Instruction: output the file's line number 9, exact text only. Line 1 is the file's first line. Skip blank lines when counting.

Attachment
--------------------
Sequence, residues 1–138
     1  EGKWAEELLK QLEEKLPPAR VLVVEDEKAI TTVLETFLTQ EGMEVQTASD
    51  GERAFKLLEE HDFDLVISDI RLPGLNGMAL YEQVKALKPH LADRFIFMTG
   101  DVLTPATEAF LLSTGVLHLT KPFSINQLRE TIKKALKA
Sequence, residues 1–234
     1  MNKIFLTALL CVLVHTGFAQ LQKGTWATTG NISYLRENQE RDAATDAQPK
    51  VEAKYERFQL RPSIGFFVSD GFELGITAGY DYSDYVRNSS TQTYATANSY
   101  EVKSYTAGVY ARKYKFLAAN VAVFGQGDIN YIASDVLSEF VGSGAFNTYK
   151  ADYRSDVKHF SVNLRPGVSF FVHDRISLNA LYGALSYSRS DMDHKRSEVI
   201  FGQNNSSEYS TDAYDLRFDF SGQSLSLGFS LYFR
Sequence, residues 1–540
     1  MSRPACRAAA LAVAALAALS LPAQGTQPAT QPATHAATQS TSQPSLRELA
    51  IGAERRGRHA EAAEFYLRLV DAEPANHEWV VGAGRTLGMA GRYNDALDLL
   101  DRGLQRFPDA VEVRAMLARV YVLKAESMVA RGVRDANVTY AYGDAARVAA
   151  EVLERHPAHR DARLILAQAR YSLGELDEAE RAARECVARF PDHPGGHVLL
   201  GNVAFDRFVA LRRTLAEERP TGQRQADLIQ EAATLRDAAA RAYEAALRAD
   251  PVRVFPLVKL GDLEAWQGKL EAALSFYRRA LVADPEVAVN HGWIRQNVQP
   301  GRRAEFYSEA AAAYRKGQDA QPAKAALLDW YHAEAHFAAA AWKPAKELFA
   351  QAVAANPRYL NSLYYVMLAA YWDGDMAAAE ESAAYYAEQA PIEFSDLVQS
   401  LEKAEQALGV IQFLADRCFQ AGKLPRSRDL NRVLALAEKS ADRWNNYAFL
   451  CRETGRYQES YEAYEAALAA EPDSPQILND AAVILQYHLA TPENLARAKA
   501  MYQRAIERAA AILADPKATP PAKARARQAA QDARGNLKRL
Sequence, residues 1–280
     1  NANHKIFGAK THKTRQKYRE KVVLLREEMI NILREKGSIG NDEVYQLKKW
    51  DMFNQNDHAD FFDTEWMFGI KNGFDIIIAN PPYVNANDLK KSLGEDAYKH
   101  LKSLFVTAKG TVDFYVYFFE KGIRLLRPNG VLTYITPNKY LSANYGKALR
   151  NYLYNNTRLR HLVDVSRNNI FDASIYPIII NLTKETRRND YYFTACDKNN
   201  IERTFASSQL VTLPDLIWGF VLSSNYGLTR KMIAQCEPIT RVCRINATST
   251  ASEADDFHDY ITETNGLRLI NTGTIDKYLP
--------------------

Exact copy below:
   151  ADYRSDVKHF SVNLRPGVSF FVHDRISLNA LYGALSYSRS DMDHKRSEVI